Small-time drug dealer David Clark (Jason Sudeikis), has apparently missed all the milestones of regular guy life — finding a job, getting married and having kids. He’s a drug dealer with a healthy Rolodex of clientele (even a mom!), and life seems pretty great — until he loses his stash to a gang of punk thieves.
David’s kingpin drug boss is less than pleased. Played brilliantly and with a pitch of sarcasm an octave higher than Sudeikis, The Hangover’s Ed Helms decides David can make it up to him by heading down to Me-HE-co and picking up a little bit of weed.
“Little bit” is actually code for truckload and David realizes he’ll never pull this off without a believable disguise. When the idea of posing as a Clark W. Griswold-type family on vacation hits him like a bolt, he soon realizes he needs some help from a few of his neighbors.
Enter Aniston and her hot bod. Conveniently, David’s downstairs neighbor is a soon-to-be-evicted stripper played by the Friends co-star. Aniston gives Rachel a whole new persona in this movie. Smoky eyes plus leather, plus a barrage of F-bombs are proof the 44-year-old actress with a supermodel physique is trying to shake the girl-next-door stereotype. Aniston definitely gives an eyeful in her stripping scene but never goes full commando. The question remains, can she shake Rachel or should she have to?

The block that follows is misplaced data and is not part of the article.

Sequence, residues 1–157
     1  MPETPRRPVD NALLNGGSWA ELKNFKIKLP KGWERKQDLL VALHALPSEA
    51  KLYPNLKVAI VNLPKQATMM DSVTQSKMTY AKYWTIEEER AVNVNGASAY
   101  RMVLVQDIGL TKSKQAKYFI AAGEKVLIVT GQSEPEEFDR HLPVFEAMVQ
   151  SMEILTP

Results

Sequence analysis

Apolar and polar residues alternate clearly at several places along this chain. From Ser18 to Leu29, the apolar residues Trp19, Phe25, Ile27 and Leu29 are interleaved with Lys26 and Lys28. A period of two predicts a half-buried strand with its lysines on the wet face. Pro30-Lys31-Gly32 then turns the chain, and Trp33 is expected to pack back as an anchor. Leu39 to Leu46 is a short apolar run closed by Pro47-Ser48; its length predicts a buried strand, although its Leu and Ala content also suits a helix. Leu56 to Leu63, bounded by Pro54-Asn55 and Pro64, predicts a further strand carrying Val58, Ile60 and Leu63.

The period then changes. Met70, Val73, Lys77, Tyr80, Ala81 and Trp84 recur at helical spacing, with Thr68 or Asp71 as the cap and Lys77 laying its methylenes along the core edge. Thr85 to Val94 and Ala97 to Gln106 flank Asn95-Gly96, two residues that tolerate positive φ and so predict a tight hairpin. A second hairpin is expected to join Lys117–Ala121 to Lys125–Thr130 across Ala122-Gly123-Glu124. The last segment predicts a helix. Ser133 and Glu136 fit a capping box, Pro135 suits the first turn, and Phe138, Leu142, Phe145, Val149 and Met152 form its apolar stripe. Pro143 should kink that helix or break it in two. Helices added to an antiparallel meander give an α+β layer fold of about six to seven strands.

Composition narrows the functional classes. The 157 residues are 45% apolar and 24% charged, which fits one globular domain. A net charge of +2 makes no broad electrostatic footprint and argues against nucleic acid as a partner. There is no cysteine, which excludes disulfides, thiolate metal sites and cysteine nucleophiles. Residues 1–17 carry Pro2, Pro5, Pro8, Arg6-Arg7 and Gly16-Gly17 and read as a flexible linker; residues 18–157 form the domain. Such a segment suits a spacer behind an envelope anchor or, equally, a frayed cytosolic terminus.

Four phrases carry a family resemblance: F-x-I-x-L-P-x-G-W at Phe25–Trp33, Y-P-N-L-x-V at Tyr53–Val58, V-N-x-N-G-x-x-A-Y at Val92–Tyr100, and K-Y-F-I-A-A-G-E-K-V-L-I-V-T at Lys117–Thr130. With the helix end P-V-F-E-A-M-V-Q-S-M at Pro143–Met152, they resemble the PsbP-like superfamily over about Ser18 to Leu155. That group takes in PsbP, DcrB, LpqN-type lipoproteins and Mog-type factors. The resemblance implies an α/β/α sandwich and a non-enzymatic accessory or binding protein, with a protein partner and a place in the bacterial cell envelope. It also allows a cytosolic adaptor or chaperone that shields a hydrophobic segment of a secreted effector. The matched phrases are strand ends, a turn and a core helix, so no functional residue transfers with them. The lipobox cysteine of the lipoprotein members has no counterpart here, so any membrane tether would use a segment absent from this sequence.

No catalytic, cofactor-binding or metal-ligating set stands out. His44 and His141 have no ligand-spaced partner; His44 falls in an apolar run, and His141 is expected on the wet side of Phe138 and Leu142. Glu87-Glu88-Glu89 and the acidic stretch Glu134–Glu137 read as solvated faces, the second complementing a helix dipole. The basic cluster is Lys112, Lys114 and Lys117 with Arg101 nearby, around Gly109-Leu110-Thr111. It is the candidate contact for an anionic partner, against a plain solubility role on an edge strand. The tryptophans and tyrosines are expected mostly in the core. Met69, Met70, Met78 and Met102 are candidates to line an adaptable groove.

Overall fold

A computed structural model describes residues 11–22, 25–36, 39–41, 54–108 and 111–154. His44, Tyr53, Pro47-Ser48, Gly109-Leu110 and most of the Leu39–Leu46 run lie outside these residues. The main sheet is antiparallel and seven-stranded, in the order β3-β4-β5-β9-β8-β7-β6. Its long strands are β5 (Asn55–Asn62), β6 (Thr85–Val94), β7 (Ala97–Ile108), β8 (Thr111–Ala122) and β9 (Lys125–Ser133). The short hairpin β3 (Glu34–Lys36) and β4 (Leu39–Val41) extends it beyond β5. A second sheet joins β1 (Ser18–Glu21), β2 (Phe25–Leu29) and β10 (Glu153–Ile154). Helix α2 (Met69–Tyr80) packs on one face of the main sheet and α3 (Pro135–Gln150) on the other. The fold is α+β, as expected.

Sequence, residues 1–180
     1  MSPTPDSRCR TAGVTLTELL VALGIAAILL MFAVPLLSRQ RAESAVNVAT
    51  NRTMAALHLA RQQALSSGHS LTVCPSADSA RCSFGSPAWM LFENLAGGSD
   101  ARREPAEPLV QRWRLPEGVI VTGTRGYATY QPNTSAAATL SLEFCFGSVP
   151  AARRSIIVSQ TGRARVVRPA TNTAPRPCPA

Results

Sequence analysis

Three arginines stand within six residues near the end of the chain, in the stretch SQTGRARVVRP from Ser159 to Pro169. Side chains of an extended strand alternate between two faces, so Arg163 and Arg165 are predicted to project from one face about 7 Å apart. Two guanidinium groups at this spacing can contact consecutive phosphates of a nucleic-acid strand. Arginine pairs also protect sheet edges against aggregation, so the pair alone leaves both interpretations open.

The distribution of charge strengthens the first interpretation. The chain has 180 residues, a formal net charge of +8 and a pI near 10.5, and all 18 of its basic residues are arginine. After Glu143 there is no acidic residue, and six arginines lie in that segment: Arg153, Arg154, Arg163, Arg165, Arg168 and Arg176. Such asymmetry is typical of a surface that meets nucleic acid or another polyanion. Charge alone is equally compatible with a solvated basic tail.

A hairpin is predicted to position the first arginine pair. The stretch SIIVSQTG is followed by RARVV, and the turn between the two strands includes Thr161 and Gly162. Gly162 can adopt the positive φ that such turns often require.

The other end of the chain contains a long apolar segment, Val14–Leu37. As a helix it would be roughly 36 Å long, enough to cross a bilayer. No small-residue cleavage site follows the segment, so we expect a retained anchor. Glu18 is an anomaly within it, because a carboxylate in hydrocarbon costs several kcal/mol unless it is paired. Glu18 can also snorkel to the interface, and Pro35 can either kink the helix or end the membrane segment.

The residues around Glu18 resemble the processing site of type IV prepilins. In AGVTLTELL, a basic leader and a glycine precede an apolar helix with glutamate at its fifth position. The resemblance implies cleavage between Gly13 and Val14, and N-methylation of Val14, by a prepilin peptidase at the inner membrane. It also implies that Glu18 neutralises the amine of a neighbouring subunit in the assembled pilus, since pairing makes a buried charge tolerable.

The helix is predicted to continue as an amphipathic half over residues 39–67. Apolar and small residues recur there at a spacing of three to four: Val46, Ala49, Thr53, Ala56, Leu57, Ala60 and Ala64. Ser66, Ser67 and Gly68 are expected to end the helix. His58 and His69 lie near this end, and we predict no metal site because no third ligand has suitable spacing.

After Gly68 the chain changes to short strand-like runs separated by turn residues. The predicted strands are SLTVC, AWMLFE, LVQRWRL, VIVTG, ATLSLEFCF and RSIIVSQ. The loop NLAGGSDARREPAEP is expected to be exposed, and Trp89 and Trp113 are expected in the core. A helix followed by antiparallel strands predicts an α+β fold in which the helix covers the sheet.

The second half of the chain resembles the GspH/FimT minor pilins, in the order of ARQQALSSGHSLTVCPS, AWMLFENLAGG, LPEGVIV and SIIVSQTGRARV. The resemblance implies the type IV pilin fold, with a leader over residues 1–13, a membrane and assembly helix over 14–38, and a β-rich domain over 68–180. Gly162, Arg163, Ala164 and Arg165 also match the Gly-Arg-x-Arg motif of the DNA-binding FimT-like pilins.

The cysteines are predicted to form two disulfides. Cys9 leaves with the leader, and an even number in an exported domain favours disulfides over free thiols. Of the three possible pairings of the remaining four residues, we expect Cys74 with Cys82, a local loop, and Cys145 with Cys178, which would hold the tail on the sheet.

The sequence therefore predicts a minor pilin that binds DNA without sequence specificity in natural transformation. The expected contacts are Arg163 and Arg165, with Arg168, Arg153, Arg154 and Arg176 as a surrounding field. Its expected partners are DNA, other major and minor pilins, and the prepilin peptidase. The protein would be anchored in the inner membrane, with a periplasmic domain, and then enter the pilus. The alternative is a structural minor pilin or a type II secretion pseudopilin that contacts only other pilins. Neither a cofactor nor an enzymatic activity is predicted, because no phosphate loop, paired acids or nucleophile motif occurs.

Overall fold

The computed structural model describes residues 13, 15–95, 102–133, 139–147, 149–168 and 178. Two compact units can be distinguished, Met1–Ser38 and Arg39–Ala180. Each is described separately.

Now all this SNL vet and his galpal stripper need are some kids. A lonely-heart teenager, played by Will Poulter, who just wants to be cool makes the perfect goofy son — no makeover needed. Add Emma Roberts as the runaway whose face is in a permanent state of "whatever" and the family is complete.
The foursome hits the road to get the dope. But, as you can imagine, they run into more than a few difficulties. One of which is an evil Mexican drug lord played by Tomer Sisley and a hilariously clueless vacationer with visor sunglasses played by Parks and Recreation’s Nick Offerman. Comedy ensues on the road trip to hell.
We’re the Millers has a very 1983 National Lampoon’s Vacation feel, taking the idea of the dysfunctional family beyond its limits (there’s a swinging sex scene and group kissing). There are loads of one-liners, thanks to the magic of improv by Sudeikis, and the on-screen chemistry between he and Aniston sizzles.
As for shortcomings, the laughs aren’t as big and the set pieces aren’t as grand as the duo’s last on-screen performance together in Horrible Bosses. Even when Aniston is playing a stripper, she's still as adorable as Rachel, and when Sudeikis is pretending he hates his fake kids, the audience knows he’s got a heart of gold.
Could these two characters be too likeable to pull this off? Unfortunately, the sweetness of the family moments kills the comedy of all the lying, hating, cheating and drug dealing.
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